Planners would do well to listen to Tea Party activists, not because they are funded by big interests and mega huge corporations, but because they can be a counterpoint to unmitigated coercive planning. As a planner, I was not trained to impose my viewpoint on the majority, on property owners or on anyone else. My training and practice has always involved inviting all stakeholders to the table to discuss and negotiate outcomes. Planning is a give and take between differing interests and viewpoints to arrive at the best possible solution for most of the community. While not everyone can be pleased, or ever will be pleased, neither developers nor city officials have carte blanche to impose regulations or projects. Fortunately, regulations reflect agreements, or should reflect agreements between different sectors of a community. When they no longer reflect these inherent agreements, they should be changed. Closer inspection by affected individuals should lead these to determine whether community regulations matter, whether they reflect the vision of the community. When they cease to reflect the true vision of the community at large, they become coercive. It is at this point that they should be revamped, community by community. Regulations are not one-size-fits-all. They must be customized if need be.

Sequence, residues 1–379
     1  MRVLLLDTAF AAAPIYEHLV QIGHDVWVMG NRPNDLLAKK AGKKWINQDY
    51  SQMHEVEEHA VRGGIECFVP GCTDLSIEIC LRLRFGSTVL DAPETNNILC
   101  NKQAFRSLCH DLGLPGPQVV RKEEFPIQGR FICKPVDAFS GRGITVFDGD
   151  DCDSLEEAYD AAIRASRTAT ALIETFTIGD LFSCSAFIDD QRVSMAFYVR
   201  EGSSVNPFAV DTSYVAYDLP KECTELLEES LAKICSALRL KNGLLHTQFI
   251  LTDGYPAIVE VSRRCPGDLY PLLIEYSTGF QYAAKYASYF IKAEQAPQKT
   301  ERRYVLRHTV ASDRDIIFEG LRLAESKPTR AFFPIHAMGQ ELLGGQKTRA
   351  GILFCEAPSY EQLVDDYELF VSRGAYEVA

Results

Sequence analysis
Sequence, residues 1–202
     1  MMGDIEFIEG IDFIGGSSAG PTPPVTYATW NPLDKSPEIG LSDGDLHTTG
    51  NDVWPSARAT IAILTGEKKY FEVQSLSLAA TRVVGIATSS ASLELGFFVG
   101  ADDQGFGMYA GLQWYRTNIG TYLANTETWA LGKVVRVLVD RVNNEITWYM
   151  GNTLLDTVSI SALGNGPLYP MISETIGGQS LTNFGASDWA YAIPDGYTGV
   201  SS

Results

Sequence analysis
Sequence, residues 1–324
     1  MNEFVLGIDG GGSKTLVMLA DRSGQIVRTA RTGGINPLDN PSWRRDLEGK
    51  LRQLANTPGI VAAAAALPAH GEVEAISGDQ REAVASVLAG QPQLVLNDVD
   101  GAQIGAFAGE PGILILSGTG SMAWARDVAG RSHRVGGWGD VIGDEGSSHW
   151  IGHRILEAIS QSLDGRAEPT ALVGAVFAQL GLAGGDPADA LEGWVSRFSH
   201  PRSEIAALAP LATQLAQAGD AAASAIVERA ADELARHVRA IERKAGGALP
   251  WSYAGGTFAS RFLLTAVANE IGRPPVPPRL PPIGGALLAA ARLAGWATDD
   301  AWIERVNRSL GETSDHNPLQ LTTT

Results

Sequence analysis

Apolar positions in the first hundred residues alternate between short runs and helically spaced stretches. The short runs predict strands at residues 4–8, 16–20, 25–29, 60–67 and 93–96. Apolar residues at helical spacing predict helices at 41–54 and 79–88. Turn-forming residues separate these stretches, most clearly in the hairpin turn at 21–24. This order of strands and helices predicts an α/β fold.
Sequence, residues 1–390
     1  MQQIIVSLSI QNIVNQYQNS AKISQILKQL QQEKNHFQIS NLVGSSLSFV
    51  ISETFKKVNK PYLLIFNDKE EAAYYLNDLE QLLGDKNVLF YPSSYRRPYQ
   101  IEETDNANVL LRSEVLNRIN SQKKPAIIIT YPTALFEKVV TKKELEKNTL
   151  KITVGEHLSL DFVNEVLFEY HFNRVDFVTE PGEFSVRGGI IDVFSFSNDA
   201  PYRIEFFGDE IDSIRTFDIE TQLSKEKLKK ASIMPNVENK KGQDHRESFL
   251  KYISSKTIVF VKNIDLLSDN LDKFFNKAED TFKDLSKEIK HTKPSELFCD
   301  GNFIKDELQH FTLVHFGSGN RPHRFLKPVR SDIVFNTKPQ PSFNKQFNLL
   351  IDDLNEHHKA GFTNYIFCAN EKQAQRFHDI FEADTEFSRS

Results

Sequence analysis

In the spring of 1968, Jane Jacobs walked into a high school auditorium in the Lower East Side and addressed a rowdy crowd opposed to the Lower Manhattan Expressway, a 10-lane highway proposed by Robert Moses that would have blasted through what we now know as SoHo.
The public hearing was a sham, she said. The city and state officials had already made all the decisions to move ahead – they were just collecting neighborhood opinions so they could fulfill the obligation to get citizen input. After leading a defiant march in front of the transportation bureaucrats, somebody ripped up the stenotype roll and threw it in the air like confetti.
For her trouble, Jacobs was arrested for inciting a riot and driven away in a squad car. The charges were knocked down to a misdemeanor, but one of the author’s greatest legacies grew out of that night: that when it comes to our homes and communities, the power should be with the people. Citizens must be truly involved with plans and projects, not just told that proposals will be good for them and society. A generation of planners and environmentalists has grown up dedicated to the notion of civic participation.
So it is with particular angst that many of these same planners now are forced to reckon with the modern-day Jane Jacobs, at least in terms of tactics and a libertarian streak: the Tea Party.